Murdoch Mysteries’ showrunner explains heartbreaking episode

**SPOILER ALERT: This story contains key plot points about Monday’s newest episode of Murdoch Mysteries, “Wild Child.”**

And just like that, William and Julia no longer have a child. Monday’s latest episode was a heartbreaker for fans who loved seeing the series’ lead characters as parents. By the conclusion of “Wild Child,” Freddie Pink had learned the Braxton’s weren’t Roland’s parents after all. Turns out his real father was Harold Connor, a carpenter. By episode’s end William and Julia had done the right—if painful—thing by presenting Harold with the son he never knew he had.

Fans who’d grown attached to the little sprite—me included—were quick to take to social media, asking why Roland was brought onto the show, only to be taken away weeks later.

We contacted Peter Mitchell, Murdoch Mysteries‘ showrunner, to explain the situation. Here’s his answer:

“Hard question to answer. I guess that it was just a chapter in the ongoing story of ‘William and Julia.’ There are many more chapters to play out and we don’t really know where it is going to end.

We thought it would be interesting to see another side of both Murdoch and Ogden, and giving them a child was a way to examine their paternal instincts and give us opportunity to play them as both husband and wife and mother and father. I think we were also aware that as this show is a procedural-based drama as opposed to a domestic drama and that the situation could not last. We wanted to keep the baby around long enough that the decision to return him to his father was of consequence (as well as allowing for some humour—William becomes a dad and immediately takes up golf). It was also important that this decision to give up the child was not thrust upon them. Instead, the appearance of the natural father was a result of one of our characters doing “the right thing.” In doing so the surrendering of Roland illuminated the strong character of both our leads.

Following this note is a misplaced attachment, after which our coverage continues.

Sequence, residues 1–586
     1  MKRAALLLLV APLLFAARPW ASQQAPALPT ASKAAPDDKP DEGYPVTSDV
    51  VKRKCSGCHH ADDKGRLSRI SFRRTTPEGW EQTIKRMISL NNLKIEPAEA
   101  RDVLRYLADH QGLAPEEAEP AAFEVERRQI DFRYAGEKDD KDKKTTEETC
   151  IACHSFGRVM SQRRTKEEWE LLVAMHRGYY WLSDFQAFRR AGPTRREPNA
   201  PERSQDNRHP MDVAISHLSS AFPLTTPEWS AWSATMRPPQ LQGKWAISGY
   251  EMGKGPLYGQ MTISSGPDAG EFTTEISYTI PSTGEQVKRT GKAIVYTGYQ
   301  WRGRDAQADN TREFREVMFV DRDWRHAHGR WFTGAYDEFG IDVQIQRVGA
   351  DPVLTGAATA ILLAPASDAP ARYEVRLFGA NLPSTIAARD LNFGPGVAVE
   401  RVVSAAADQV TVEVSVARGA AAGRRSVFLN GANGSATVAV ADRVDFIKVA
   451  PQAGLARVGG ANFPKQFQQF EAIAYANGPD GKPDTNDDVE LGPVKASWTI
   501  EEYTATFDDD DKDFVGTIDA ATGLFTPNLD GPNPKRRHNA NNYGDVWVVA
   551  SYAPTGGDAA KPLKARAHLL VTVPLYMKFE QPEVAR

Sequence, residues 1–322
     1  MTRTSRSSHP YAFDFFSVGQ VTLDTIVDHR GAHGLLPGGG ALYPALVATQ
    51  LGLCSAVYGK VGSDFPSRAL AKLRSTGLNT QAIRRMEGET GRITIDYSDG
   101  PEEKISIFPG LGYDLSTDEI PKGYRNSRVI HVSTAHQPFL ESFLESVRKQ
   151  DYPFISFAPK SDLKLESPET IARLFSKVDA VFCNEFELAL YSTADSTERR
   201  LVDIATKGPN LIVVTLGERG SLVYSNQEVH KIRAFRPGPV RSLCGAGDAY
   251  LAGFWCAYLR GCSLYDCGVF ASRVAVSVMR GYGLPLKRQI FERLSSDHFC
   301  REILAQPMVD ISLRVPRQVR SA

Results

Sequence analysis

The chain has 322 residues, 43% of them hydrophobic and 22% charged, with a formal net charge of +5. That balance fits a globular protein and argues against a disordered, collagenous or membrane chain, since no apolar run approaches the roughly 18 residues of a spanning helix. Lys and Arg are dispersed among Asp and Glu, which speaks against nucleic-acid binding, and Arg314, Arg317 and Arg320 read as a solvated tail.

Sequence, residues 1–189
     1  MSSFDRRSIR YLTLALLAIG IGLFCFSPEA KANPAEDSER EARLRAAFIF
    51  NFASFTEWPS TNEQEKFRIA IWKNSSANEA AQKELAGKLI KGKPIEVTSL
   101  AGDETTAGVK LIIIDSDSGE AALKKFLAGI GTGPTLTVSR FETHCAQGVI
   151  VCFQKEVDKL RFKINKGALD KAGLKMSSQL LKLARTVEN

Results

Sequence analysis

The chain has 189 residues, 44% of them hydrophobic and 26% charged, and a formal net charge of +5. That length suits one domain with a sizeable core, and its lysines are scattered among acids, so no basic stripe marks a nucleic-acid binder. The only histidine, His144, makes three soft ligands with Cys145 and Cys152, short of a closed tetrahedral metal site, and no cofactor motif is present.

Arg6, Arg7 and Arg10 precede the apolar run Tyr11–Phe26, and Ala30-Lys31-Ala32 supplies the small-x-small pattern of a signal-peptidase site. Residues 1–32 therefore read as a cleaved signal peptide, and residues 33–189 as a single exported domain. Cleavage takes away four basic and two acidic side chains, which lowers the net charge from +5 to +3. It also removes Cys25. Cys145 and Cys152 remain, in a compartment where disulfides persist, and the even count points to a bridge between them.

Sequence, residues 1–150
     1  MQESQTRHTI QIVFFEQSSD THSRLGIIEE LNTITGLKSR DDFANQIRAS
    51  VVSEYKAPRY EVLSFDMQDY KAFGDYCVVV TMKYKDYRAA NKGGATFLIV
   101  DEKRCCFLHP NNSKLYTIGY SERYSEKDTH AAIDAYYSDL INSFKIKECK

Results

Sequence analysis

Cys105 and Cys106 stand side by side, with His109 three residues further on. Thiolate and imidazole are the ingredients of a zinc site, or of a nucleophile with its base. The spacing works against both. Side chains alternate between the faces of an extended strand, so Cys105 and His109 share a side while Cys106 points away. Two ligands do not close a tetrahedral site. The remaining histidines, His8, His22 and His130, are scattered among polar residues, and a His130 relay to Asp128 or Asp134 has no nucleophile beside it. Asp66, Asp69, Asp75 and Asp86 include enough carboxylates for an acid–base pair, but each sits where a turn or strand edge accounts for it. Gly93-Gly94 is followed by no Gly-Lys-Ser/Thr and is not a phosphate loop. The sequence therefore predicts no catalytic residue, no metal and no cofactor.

Pragmatically, we wanted this to play out over part of the season as opposed to dropping a baby on them in the finale. Much like with their wedding, we didn’t want what, on the surface, is usually considered the “big event” of a TV season to be our “big event.” I think this forces us to work harder to come up with engaging stories. On a practical level, it leaves open the possibility that ANYTHING could happen in the last four episodes if THEY have already done that to US.

It is also true that one of the reasons for the success of Murdoch is that the engine under the surface of the engaging characters, amusing lines and nice hats always has to be driving forward. Murdoch is one of those shows that gives me little leeway in the editing room. The scenes feed into each other in a way a multi character ensemble drama doesn’t. The narrative drive can occasionally be interrupted by domestic moments but the show would not ‘click’ if we have too many of them. As Paul Aitken, one of our writers, constantly reminds all of us when we are coming up with stories, ‘where’s the mystery?’ is the one question we always have to address. In the Roland arc the mystery was there from the beginning—who is this kid? Many of the fans doubted the people who were purported to be his parents actually were and in the end, the mystery of where he came from was ultimately solved. For some, the result was heartbreaking. For others, Murdoch and Ogden once again demonstrated why they are heroes.

But the kid(s) who played Roland were cute as a button. And much like real life the biggest fight we had in the room was not how long to keep the kid around but what the heck we should name him.

Some are still divided on it….”

—Peter Mitchell


What do you think, Murdoch fans? Sound off below in the Comments section.

Murdoch Mysteries airs Mondays at 8 p.m. on CBC.


13 thoughts on “Murdoch Mysteries’ showrunner explains heartbreaking episode”